Originally Posted: July 5, 2020
Written by Toru Toba with illustrations by Falmaro. Released in English by Yen On with a translation by Jessica Lange.
“Holy. Her boobs are huge…
He was the worst of the worst.” – Toru Toba
As aptly stated by our narrator, this light novel’s titular protagonist’s motivations doesn’t rank high on the ‘admirable’ scale.
The Genius Prince’s Guide to Raising a Nation Out of Debt (Hey, How About Treason?), Vol. 1 is the introductory entry for a fantasy light novel series in which the prince regent of a small kingdom plots to sell off his position and nation for money and a lazy life… but fails spectacularly at every step. It’s a tale that combines an OP character, a peculiar motivation, and the underdog story archetype. Despite the seemingly contradictory foundational tropes, Toru Toba successfully spins a solid story with a good mix of comedy, intrigue, and action.
To start, let us discuss the world-building; one of the light novel’s strongest points. Despite my initial reservations (e.g. long title, third colour insert), I was pleasantly surprised by the density and quality of the introductory chapters. In the span of about thirty-three pages, I felt like I had a solid grasp of:
(1) the geopolitical relationship between the titular kingdom and its superior Empire,
(2) current key events occurring in both nations,
(3) the relevant history surrounding them, and
(4) the two protagonists’ roles and their relationship.
That’s a lot to cram in without sounding dry. However, the depth and breadth of the setting are either seamlessly weaved into dialogue or described in an engaging manner. The comedic aspect further maintains the reader’s attention. Unfortunately, there are some occurrences of somewhat unnatural speech but they are few and far between. Overall, Toru Toba does an excellent job setting the scene and adeptly keeps this momentum through the entire volume.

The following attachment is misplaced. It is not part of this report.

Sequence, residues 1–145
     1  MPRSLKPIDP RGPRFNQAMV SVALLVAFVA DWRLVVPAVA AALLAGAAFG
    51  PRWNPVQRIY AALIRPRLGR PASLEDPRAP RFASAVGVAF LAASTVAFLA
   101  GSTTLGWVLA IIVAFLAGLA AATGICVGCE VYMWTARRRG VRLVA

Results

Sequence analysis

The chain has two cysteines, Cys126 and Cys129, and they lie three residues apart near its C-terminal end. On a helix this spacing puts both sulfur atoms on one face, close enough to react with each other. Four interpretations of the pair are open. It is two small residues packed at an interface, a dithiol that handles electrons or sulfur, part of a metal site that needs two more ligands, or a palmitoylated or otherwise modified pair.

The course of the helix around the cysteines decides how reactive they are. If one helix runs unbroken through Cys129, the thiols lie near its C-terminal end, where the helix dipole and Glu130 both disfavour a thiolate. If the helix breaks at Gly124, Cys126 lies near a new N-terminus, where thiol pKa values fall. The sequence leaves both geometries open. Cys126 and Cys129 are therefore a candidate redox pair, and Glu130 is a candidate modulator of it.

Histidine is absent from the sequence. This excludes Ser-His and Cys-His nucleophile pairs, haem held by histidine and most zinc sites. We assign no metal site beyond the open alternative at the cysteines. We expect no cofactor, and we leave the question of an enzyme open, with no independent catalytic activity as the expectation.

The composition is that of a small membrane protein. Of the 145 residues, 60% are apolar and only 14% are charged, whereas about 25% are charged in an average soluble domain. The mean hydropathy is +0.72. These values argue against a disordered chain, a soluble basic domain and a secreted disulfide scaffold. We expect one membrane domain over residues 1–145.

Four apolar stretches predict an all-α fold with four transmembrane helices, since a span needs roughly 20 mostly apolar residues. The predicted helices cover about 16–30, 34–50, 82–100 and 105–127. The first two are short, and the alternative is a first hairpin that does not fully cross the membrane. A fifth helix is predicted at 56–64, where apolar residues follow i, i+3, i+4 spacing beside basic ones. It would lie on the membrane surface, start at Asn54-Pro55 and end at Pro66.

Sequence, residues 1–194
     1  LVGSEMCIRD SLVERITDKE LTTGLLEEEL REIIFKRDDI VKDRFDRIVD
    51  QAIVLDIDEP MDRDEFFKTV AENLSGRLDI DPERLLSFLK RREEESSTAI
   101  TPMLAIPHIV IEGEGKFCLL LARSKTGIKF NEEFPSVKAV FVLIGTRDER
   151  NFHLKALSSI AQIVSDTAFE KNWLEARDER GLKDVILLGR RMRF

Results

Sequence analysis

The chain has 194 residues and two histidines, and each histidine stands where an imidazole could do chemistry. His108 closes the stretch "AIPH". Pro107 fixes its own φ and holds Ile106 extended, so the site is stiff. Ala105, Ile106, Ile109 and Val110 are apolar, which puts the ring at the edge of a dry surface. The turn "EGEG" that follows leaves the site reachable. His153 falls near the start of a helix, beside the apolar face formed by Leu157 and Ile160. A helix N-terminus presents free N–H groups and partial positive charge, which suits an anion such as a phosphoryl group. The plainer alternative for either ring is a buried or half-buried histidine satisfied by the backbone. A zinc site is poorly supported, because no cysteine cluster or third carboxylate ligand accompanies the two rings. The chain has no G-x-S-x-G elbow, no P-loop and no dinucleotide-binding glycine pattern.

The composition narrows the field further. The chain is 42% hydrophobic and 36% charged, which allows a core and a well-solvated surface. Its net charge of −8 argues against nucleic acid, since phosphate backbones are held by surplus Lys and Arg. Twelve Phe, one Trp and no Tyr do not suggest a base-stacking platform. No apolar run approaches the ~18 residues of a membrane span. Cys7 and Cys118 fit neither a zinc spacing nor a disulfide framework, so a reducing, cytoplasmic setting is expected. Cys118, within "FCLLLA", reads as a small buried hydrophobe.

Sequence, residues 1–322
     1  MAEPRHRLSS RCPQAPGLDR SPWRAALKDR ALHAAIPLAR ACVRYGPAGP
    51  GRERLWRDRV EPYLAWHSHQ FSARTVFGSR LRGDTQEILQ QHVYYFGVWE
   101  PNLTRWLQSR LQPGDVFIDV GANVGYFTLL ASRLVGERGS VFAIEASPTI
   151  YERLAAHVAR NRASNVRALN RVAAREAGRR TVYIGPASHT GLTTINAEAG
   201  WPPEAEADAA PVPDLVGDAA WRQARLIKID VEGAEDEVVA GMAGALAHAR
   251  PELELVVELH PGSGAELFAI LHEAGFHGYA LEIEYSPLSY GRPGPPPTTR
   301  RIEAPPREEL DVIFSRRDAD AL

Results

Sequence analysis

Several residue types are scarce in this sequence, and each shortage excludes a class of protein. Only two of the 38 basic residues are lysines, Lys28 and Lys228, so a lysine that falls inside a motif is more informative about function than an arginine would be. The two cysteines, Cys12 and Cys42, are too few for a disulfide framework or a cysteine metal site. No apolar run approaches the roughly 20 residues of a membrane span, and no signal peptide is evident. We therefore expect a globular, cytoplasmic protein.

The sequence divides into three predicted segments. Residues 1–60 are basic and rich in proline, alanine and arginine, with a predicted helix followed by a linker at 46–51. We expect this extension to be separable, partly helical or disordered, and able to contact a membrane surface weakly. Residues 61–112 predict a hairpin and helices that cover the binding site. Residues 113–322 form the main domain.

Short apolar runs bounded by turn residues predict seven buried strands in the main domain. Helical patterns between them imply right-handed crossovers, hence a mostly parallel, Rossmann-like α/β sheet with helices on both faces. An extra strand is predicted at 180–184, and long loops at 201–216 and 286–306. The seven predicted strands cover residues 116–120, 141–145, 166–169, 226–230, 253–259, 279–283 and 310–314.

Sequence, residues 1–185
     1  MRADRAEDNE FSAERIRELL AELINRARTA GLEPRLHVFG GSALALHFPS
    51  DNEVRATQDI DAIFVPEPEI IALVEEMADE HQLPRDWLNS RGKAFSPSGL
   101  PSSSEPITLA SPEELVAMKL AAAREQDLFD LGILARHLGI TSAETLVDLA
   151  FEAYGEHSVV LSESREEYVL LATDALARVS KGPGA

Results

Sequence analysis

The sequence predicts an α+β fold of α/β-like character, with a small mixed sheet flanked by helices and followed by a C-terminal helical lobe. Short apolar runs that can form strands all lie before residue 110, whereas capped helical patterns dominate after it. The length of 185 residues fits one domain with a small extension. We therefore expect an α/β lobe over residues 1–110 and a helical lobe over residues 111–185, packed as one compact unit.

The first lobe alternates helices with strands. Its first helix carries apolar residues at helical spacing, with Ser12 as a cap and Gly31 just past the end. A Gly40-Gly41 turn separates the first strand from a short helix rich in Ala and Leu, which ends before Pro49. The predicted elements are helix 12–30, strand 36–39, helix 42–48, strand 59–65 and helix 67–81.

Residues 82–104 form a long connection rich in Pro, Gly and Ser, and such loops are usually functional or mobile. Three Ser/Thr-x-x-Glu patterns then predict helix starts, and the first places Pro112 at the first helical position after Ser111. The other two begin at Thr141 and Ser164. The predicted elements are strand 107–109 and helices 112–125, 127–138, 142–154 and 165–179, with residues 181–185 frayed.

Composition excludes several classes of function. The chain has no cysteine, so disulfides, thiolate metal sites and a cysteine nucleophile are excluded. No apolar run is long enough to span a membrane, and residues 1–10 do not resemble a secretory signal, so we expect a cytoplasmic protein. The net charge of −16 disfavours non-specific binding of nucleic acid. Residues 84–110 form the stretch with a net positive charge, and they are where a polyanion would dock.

Impressively, the large focus on the world doesn’t go to waste. Given this world lacks fantastical elements, conflicts are determined through resource quantity and effectiveness (i.e. manpower/information and strategy/intrigue). Thus, it is important that we understand a situation to really appreciate its development and resolution. The entertainment in this case comes from trying to figure out the prince’s plans. Coupled this with a sprinkling of comedy and one has multiple layers to enjoy. However, there are some cases where too much information is withheld and this can leave conclusions feeling undeserved. Hopefully this particular issue becomes less frequent in future entries.
Moving on, the short length of this entry (about 160 pages) leaves Toru Toba limited in the plot progress they can make with sufficient detail. However, as is with the world-building, the density is impressive. Without venturing into spoiler-territory, The Genius Prince’s Guide to Raising a Nation Out of Debt (Hey, How About Treason?), Vol. 1 covers enough to set up the important plot points without dragging on. The flow of the writing and dialogue also gives life to possibly boring sections of exposition and keeps a comfortable pace throughout. Unfortunately, the occasional time-skips and conveniences (read: OP incidents) that occur to help push the story forward leaves me disappointed at times. At its worst, a couple of weak setups result in their associated payoffs failing to satisfy.